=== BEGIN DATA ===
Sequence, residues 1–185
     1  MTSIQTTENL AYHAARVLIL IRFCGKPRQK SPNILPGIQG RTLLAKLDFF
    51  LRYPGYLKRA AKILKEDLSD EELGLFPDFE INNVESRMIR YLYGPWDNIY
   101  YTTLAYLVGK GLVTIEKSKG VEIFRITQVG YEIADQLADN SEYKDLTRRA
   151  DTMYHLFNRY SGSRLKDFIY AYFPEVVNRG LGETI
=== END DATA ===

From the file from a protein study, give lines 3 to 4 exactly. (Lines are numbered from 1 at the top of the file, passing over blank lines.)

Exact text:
    51  LRYPGYLKRA AKILKEDLSD EELGLFPDFE INNVESRMIR YLYGPWDNIY
   101  YTTLAYLVGK GLVTIEKSKG VEIFRITQVG YEIADQLADN SEYKDLTRRA